Issue > Poetry
James Allen Hall

James Allen Hall

James Allen Hall is the author of a book of poems, Now You're the Enemy, and a book of personal essays, I Liked You Better Before I Knew You So Well. He has received awards from the NEA, the Lambda Literary Foundation, the Fellowship of Southern Writers, and the Texas Institute of Letters. He teaches at Washington College on Maryland's Eastern Shore.

Genre Theory

Do I begin, Once upon a time I fell in love with ending?
Do I say, Once upon a time I was awash in deathwish?

Once upon a time could mean en media res
or the archaic past's everyday,

e.g., I could be on the couch, watching The Real
Housewives of New Jersey
when fantasy breaks in,

all usurping commercial interlude,
and I am a hunter in an enchanted field,

gun in hand, raising it to my mouth,
lipping the barrel, roughing my teeth with it,

feeling it graze my mouth's grooved roof.
How peace ruled all the people in the land then.

How do I say precisely the terror, living
in both times equally real. Say: Once upon a

limitless sky above a golden field I pull a trigger
In that story, what tense is the narrator utilizing?

Future married to present? Is it not just sky but time
stretching out like a map? Or is my body already dead,

the voice persisting, wind winding between trees
—story's lyric freedom, what we call historical present,

which is time tinted, tipped toward urgency,
time stained with the yes, now, pull it? How do you say

I was in love with the unspeakable? What do you call
a man locked by time in a story that won't be named?

Genre Theory: Family

Derived from Latin famulitas, meaning servitude.  
As when my uncle kissed my sister on the stairs
and she called to ask my advice, then hissed,
Writing this would be a betrayal. I do not put the "I"
in family, from whom is drawn my next of kin
like a bucket up from the village well. Family,
of which I spell the end. "Happiness," George Burns
says, "is having a large, loving, caring, close-knit family
in another city." Houston hosted the Republican
National Convention in '92, when we lived in Florida,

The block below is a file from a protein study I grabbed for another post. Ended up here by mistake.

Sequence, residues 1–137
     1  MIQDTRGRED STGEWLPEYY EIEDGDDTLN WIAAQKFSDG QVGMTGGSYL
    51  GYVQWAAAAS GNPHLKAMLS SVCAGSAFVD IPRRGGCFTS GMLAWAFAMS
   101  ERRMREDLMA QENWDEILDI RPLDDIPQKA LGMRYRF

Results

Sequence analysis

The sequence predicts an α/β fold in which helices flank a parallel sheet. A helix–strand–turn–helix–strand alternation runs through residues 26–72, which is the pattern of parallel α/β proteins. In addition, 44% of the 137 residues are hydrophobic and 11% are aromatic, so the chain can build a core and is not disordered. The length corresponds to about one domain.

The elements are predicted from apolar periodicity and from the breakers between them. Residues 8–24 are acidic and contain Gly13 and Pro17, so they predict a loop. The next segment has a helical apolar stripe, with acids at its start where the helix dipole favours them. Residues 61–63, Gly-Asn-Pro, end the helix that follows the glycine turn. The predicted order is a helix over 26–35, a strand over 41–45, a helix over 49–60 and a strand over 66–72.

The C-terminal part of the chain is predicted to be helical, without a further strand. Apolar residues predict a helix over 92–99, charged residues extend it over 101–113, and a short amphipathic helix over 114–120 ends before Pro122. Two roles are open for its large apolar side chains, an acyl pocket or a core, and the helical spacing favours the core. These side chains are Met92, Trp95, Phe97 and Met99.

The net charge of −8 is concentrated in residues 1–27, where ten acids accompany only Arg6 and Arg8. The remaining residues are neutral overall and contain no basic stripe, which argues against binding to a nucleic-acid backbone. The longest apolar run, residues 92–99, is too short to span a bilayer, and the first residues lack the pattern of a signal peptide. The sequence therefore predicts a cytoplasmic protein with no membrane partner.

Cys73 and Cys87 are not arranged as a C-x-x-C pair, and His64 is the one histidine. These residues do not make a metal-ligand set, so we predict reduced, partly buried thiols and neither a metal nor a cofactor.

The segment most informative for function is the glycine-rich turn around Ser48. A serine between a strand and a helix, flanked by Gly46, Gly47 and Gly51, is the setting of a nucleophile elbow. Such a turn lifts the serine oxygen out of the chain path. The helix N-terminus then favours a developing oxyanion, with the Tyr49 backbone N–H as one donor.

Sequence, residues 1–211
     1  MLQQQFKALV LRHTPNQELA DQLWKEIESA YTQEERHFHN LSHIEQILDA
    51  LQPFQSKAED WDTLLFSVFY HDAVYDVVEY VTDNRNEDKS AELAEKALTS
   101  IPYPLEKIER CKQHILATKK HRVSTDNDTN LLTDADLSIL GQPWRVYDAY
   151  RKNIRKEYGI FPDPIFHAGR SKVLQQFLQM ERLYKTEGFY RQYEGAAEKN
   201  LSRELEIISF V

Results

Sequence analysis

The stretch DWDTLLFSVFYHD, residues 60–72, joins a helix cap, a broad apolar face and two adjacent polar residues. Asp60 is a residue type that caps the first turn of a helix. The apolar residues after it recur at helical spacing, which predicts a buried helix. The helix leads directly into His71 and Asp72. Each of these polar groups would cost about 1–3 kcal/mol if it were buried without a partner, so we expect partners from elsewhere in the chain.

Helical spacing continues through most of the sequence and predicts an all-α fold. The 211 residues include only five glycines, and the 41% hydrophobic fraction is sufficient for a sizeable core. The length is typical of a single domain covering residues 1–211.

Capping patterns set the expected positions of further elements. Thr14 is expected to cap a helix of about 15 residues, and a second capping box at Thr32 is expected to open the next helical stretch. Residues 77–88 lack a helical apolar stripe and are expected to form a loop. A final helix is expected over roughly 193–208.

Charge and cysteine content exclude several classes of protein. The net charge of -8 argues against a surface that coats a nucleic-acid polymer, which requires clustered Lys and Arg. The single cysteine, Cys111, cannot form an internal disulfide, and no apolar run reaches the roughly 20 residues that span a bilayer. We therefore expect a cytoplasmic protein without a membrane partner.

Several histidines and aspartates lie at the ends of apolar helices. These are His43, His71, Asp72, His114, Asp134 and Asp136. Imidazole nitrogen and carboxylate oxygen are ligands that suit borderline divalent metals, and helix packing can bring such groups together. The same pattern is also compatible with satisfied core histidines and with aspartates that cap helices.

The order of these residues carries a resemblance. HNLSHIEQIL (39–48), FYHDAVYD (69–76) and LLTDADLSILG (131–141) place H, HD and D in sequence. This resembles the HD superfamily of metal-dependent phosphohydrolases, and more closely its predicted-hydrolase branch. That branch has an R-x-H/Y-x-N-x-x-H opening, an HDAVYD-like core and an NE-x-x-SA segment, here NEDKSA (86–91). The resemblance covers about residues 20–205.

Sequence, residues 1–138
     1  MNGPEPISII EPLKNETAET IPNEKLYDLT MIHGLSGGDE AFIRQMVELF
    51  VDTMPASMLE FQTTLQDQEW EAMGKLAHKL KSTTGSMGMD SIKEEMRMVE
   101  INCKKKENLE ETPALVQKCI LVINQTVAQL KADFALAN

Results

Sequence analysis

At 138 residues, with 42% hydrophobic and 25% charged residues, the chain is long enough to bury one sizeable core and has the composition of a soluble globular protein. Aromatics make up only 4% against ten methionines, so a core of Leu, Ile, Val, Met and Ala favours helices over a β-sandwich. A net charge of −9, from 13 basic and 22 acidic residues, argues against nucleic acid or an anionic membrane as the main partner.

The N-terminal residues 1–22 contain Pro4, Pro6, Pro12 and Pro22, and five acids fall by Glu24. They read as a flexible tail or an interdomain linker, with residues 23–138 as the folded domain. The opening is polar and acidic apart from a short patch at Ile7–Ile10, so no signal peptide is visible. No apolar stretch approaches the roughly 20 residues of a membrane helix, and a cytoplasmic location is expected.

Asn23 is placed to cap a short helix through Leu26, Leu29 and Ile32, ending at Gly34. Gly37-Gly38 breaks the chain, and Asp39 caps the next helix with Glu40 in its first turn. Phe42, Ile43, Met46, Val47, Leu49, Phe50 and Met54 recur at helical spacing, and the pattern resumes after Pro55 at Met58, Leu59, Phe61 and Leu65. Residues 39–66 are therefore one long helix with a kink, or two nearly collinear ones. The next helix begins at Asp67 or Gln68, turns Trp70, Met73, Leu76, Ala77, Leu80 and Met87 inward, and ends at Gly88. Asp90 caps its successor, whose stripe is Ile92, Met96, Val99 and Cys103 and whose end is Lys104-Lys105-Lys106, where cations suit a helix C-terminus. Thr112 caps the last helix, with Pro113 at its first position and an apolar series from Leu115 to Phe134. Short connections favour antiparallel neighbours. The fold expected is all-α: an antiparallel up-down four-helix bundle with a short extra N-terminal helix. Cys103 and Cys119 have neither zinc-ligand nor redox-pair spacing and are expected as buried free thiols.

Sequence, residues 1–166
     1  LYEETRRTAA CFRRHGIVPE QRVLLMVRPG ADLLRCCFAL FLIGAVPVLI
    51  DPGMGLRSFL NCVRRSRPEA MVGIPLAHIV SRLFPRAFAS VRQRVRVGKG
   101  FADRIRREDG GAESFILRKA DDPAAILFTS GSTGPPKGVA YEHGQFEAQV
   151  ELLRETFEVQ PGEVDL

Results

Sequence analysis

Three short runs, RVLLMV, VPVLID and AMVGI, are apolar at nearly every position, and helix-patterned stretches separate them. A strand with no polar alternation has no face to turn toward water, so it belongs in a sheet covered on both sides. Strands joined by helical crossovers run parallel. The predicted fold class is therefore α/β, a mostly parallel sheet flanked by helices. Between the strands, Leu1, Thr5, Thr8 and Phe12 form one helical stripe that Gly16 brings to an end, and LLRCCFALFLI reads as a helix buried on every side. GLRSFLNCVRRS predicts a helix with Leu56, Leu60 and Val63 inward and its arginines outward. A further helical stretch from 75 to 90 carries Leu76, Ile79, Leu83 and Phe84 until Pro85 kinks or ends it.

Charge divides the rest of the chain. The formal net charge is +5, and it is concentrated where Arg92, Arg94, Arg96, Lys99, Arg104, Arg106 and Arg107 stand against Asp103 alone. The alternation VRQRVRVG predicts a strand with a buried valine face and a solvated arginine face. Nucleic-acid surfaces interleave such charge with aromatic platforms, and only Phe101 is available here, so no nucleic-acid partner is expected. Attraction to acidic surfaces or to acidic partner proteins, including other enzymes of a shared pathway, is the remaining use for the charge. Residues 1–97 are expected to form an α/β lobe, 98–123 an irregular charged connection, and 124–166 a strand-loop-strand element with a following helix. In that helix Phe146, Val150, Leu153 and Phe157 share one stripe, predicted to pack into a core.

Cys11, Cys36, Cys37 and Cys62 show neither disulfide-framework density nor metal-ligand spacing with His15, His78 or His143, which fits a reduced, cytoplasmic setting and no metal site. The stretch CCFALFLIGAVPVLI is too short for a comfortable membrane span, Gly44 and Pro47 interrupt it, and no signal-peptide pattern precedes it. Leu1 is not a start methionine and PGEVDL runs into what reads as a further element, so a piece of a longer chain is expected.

safe distance away except for television, beaming
the angel particles into our family room, where we
watched Pat Robertson preach that Clinton was a blight
because "he wants to repeal the ban on homosexuals
in the military and appoint homosexuals" to his cabinet,
pausing to permit the flamingo-pink homo-horror
to sink in, spotlighting his point that Clinton was author
of "a radical plan to destroy the traditional family."
Family, which at least one pope called "the first essential
cell of human society." Cells replicate, unthinkingly.
When HIV crossed the interspecies barrier, it was first
named Gay-Related Immune Deficiency—cells gone
rogue, radical in the blood. Family: where hurt goes
to duplicate itself, unthinkingly. Family: why do I hear
the word failingly? Family: I had one once.
When it was my turn to choose for Movie Night,
I was notorious for selecting stories about people
like me: Peter's Friends or Philadelphia, Being with Claude
or The Hanging Garden. They protested I had a radical
plan to make myself visible. Nevermind
that the gay men always died. I should have picked
gay directors instead—Haynes and Almodóvar,
van Sant and Araki, but I didn't know how to elect
my own family. I had yet to be born. I had an in utero
understanding of what family meant: a species you cross
out, a place you leave behind if you want to stay alive.

Creation Myth

First a seed burrows an absence in soil.
It feels almost innocuous, being occupied.
Rain and time make a hole into halo. Then
the alive fights against gravity, fights
the familiar stratum until its little singular
glimmer claws free. But first it takes a mother.
I held him. I held god as he pulsed into me
like light into snow. I was made to stomach
such humiliation. If I'd been built
impermeable, this would be a story of waste
instead of ruin. I held him until light rooted
in me, propagating its cleaving kind,
an infection we didn't have a cure for.
At the beginning of time, you were a violence
I had to love, made in his image. And now
you think I am telling your story—the creation
of desire, first come-cry to flower in fertile dirt.
Because you seek only your own reflection:
in oak bark, in silver moss, in a night sky
dark as my conscience is now. Tell me
one story regret doesn't plague, I'll show you
a beauty which won't penetrate. Isn't that
the worst part, story winding its way into us,
staining our eyes its particular prophecy?
I remember not just the story of your creation
but pain sharp in my side every time you took
an overlarge breath. One story opens
another, everything crowds in to speak.
But this is mine: there was a wound,
then a world. It did not mean me well.
I subsisted. I grew. I've come all this way
to recommend living as an act of vengeance.


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